Potential for direct application of blue light for photo-disinfection of dentine

Sherif a. Mohamad, Michael r. Milward, Sarah a. Kuehne, Mohammed a. Hadis, William m. Palin, Paul r. Cooper

Research output: Contribution to journalArticlepeer-review

4 Citations (Scopus)


The direct application of light for photo-disinfection potentially provides a safe and novel modality to inhibit or eliminate cariogenic bacteria residing upon and within dentine. This study aimed to both; characterize the pattern of transmission of 405 nm light through molar dentine at different tooth locations, as well as, determine the irradiation parameters that are antibacterial for Streptococcus mutans under various growth conditions, including lawns, planktonic cultures, and biofilms. To determine the amount of light (405 nm) transmitted at different anatomical tooth locations; irradiance values were recorded after blue light (470–4054 mW/cm2) had traversed through occlusal, oblique, and buccal dentine sections; and three thicknesses - 1, 2 and 3 mm were investigated. To determine tubular density; scanning electron micrographs from 2 mm outer (dentine-enamel junction) and inner (pulp) dentine sections were analysed. For photo-disinfection studies; S. mutans was irradiated using the same 405 nm wavelength light at a range of doses (110–1254 J/cm2) in both biofilm and planktonic cultures. The inhibitory effect of the irradiation on bacterial lawns was compared by measuring zones of inhibition; and for planktonic cultures both spectrophotometric and colony forming unit (CFU) assays were performed. A live/dead staining assay was utilised to determine the effect of irradiation on bacterial viability in mature biofilms. Data indicated that increasing dentine thickness decreased light transmission significantly irrespective of its orientation. Occlusal and oblique samples exhibited higher transmission compared with buccal dentine. Oblique dentine 405 nm light transmission was comparable with that of occlusal dentine independent of section thickness. An increased tubule density directly positively correlated with light transmission. Irradiation at 405 nm inhibited S. mutans growth in both biofilm and planktonic cultures and a dose response relationship was observed. Irradiation at doses of 340 and 831 J/cm2 led to significant reductions in bacterial growth and viability; as determined by CFU counting and live/dead staining. Data suggests that phototherapy approaches utilising a 405 nm wavelength have therapeutic potential to limit cariogenic bacterial infections both at the surface and within dentine.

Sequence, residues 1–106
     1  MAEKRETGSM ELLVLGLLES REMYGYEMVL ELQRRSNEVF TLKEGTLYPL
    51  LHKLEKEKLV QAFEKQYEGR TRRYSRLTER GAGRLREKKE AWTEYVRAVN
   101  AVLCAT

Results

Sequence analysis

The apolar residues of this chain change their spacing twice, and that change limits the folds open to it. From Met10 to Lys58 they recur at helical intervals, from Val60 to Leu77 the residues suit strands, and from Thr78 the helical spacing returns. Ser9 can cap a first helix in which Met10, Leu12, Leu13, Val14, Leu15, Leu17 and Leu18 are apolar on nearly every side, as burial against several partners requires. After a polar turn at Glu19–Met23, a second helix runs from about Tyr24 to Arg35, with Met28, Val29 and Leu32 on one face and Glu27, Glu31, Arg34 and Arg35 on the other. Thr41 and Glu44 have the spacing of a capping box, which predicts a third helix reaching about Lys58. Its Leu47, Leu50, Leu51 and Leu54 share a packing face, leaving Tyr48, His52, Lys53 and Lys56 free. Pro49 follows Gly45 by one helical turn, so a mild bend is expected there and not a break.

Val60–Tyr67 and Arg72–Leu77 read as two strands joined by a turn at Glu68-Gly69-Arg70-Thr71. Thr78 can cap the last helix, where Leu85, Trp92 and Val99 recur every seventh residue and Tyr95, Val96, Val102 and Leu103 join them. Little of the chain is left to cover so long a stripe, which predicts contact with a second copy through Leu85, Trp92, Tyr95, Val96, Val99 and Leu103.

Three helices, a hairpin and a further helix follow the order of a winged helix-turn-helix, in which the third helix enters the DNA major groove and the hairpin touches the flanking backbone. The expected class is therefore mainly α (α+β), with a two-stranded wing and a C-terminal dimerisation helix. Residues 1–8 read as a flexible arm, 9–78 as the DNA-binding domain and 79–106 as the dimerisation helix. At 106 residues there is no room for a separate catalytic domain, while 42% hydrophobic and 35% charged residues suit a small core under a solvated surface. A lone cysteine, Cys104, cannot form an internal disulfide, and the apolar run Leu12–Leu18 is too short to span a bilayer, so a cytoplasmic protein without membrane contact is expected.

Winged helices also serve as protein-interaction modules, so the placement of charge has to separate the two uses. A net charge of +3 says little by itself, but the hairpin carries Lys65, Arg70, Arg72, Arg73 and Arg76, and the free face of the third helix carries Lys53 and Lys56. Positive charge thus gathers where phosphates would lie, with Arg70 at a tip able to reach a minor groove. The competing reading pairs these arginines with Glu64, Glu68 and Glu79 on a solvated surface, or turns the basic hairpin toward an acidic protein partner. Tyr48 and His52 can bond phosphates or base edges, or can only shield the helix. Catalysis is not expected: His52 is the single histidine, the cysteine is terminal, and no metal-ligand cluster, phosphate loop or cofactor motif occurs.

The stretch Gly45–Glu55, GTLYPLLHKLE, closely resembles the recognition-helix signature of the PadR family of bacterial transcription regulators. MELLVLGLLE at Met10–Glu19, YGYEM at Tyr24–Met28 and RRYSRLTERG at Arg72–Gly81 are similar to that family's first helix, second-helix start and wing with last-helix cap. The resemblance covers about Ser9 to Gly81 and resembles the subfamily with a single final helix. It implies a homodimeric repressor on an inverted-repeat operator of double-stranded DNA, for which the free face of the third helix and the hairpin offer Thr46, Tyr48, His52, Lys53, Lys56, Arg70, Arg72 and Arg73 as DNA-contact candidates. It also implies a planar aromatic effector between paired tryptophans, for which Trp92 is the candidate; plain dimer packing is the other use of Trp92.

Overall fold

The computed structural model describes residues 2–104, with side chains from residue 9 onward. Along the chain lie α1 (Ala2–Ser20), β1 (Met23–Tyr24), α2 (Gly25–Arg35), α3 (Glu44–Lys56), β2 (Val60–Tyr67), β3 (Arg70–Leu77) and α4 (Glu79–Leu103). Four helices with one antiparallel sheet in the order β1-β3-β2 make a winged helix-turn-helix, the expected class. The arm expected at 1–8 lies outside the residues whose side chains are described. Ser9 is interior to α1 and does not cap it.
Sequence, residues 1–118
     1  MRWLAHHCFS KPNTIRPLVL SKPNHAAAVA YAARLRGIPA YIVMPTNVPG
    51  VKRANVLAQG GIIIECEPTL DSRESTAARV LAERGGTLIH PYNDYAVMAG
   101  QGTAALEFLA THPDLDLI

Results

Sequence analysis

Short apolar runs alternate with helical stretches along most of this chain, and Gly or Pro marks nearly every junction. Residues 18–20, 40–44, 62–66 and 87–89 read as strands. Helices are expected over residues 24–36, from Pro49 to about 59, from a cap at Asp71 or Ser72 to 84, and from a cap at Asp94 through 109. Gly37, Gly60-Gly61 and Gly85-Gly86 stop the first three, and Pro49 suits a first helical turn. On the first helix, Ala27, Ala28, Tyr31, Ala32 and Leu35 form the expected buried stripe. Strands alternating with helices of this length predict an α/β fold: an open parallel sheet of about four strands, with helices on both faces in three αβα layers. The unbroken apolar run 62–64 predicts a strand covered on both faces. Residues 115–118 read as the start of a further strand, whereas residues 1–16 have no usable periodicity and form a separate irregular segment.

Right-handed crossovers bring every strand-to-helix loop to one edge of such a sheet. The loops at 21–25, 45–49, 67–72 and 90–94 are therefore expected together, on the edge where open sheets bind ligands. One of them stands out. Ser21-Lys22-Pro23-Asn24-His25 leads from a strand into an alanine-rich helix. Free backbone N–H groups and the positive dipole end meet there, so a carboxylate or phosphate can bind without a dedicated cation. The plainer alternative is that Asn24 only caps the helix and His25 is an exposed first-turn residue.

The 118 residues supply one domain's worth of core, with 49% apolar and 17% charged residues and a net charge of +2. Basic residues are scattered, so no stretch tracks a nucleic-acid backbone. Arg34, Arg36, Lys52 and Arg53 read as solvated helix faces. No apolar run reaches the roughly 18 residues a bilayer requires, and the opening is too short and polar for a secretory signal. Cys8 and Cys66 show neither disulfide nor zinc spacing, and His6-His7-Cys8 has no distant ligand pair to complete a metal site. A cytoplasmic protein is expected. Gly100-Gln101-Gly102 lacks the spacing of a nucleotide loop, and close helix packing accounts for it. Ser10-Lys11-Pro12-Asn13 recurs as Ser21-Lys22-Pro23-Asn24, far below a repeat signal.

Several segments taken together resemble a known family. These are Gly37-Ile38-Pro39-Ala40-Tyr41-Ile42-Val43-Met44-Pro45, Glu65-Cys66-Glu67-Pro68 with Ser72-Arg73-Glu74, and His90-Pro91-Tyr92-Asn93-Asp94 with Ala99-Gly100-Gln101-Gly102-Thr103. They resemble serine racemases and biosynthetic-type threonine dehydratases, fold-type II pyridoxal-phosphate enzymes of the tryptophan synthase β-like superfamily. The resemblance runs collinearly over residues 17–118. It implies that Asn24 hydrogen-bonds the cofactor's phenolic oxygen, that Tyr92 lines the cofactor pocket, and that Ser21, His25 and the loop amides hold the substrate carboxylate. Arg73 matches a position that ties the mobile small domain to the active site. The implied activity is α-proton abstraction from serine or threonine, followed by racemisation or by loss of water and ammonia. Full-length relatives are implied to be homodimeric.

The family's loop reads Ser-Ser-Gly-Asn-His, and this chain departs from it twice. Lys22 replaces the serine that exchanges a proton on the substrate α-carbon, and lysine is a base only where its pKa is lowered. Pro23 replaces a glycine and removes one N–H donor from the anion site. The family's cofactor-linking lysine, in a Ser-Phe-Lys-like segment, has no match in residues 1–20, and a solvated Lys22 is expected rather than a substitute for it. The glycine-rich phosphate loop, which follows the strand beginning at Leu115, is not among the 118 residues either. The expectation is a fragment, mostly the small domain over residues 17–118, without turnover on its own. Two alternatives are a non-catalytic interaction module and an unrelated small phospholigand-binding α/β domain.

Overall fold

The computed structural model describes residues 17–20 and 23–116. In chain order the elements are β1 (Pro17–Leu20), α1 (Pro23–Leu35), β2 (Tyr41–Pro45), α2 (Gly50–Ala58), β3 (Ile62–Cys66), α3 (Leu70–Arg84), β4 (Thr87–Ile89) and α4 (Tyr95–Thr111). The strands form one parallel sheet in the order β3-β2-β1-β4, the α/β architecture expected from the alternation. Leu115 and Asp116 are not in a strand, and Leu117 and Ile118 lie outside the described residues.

Original languageEnglish
Pages (from-to)112123
JournalJournal of Photochemistry and Photobiology B-Biology
Publication statusPublished - 1 Feb 2021


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